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Naum Gabo
F.Lux Jon Buckland , March 5th, 2024 10:20

Optimo’s Jonnie Wilkes and mastering engineer James Savage summon the ghosts of people rutting in the shadows of a Berlin nightclub, finds Jon Buckland

Just in case you’re not aware, if you get into the notorious Berlin nightclub, Berghain, one of the first things that the staff will do is cover your mobile phone’s camera lens in stickers. The sort of gooey stickers that leave a cloudy, viscous residue once unpeeled. You’re not supposed to document the goings on inside that looming building which straddles Kreuzberg and Friedrichshain. What happens in Berghain, stays in Berghain.

Of course it never does. What you experience, you take with you. Events that transpire are whispered about in hushed and excited tones. That’s part of how the legend of this place spread. That and the intimidating bouncer’s strict yet abstruse door policy.

But, let’s say that you get beyond the bouncer, past the camera obscurers, up the metal staircase, along the steel-grilled flooring possibly appropriated from The Crystal Maze’s Industrial Zone, and onto the spacious dance floor beneath overhanging concrete slabs. The chances are that, out of the corner of even the most naive eye, you’ll see people fucking.

All of which is to say that Naum Gabo’s new record F.Lux takes me back there.

Formed from the twin skills of Optimo’s Jonnie Wilkes and mastering engineer James Savage, Naum Gabo’s debut deals in dense mood and atmospherics before going all in on bucking and pumping techno throughout the album’s back third. Prior to the rhythmic catharsis, there’s trepidation and apprehension in the air. Both ‘Aora’ and ‘Haerstag’ give the impression of exploring an unseen yet otherworldly plain. Clanks, pops, and burring drones add to the Raime-like sense of foreboding whilst buried melodies struggle to reach the surface.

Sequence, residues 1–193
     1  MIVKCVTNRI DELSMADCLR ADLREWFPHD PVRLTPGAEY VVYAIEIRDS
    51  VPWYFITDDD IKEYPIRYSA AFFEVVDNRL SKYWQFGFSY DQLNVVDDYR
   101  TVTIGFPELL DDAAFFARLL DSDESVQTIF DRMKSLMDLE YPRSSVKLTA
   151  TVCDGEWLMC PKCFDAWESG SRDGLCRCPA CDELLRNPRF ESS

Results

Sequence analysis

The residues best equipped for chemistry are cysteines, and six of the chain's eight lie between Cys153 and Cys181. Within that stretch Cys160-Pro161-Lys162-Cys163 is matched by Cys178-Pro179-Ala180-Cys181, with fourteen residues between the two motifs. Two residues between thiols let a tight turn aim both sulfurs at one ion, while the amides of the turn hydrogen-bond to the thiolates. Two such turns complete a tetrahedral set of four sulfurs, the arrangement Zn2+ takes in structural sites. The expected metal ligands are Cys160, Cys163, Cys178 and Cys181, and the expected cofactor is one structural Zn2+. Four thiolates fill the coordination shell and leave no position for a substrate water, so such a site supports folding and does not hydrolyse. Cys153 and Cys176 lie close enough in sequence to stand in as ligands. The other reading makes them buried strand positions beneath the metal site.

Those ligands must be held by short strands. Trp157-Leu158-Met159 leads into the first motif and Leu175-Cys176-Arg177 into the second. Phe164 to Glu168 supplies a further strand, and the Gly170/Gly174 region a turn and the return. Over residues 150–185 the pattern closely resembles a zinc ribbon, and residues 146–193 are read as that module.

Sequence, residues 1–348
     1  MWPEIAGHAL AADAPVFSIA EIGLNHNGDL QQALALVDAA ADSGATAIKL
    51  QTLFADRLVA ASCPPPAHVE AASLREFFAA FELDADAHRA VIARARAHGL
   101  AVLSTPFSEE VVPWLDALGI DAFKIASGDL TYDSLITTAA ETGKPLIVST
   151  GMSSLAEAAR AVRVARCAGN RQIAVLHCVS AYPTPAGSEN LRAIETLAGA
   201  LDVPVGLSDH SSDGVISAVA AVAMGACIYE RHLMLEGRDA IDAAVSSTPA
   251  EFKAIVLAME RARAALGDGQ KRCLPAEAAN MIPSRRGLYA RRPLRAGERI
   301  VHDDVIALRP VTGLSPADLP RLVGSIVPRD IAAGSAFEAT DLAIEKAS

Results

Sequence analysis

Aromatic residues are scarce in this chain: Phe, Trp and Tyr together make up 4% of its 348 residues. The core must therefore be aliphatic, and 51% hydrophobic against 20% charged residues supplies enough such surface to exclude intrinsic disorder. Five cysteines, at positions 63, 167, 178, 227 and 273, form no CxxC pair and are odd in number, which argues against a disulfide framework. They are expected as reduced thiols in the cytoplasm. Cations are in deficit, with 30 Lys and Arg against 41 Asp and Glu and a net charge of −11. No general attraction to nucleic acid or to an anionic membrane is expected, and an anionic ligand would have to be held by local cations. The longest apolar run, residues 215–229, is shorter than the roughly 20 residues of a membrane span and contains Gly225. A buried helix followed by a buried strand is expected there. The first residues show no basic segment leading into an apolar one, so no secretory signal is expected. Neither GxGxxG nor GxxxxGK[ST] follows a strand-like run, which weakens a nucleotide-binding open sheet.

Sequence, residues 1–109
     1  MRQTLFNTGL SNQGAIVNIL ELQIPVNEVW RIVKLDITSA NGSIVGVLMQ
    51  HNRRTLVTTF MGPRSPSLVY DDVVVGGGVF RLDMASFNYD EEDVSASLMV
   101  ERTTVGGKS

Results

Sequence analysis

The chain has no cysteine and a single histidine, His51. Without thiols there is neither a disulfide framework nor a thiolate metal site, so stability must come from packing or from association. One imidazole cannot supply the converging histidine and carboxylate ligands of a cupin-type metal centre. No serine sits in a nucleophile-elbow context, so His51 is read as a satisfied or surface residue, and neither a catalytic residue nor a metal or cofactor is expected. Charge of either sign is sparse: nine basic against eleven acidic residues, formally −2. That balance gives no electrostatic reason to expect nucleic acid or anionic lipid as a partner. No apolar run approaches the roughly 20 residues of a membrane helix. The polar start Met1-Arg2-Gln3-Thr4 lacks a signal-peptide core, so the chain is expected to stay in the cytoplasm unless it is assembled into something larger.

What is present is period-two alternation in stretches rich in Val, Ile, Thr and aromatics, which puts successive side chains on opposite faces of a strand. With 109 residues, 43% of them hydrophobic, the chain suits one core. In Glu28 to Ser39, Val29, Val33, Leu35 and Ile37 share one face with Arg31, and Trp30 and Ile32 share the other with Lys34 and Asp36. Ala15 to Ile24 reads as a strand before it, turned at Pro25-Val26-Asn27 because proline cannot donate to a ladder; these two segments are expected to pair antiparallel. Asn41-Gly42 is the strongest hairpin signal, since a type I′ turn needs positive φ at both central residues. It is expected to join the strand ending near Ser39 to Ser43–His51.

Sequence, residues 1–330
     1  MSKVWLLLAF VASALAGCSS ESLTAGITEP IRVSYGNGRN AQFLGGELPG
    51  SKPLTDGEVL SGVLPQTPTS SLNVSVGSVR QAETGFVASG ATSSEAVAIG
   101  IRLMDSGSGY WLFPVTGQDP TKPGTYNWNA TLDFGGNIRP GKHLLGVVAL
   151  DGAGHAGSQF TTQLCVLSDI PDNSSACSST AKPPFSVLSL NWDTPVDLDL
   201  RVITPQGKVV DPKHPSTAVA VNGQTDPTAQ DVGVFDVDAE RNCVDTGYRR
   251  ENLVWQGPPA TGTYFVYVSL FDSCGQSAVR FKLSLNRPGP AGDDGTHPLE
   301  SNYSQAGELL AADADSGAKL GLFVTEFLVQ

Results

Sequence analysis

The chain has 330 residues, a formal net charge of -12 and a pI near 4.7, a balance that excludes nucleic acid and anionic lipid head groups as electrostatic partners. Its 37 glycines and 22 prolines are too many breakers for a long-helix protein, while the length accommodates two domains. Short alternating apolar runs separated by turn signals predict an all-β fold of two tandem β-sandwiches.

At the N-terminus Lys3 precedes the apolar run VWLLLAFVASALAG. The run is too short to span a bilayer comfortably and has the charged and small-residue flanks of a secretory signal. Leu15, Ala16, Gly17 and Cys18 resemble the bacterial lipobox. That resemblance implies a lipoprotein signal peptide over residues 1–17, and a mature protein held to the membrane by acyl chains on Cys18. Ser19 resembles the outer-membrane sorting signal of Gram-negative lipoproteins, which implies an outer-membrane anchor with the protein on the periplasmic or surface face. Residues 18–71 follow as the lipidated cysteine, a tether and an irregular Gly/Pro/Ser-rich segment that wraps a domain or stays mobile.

‘Hebust Cometh’, with its prowling bass growl like the slow, grunting engine crawl of a cruising car, does little to ease the tension. Especially as it follows the muffled voice repeatedly declaring “Drunk driving” through electronic agitation and distorted beats on ‘Schinokapsala’

F.Lux is not without its lightness, however. Euphoric chords pierce the gloom like luminous darts within wilting mist on ‘Tolis’ and, during ‘This 1¨º∆’, pulsing steel shards suddenly burst into life with a rapid heart-rate-monitor-squealed flurry.

All of this is building up to the firecracker one-two finale of ‘Nothing In My Hand’ and ‘Parasymptofeli’. The former’s persistent beat and grinding bassline morphs disquiet into ego-stripping propulsion, leaving those early spacious ruptures in the past. The album closer extends this further still as it explodes into an aggy walloper. This is the grisly, blackened techno of Downwards, with inhibitions disintegrated through whipped rhythms, bludgeoning kick drums, and a psychedelic mind-clearing assault.

It’s a cliche to talk about ‘losing yourself in the music’ but, with these disconcerting yet increasingly hedonistic and bombastic tracks, Naum Gabo have captured a unique and transcendental journey from nerve-racking super club entry through to the potential conclusion of pressure-dropped dance floor abandon. Just keep your eyes peeled if you’re going all in.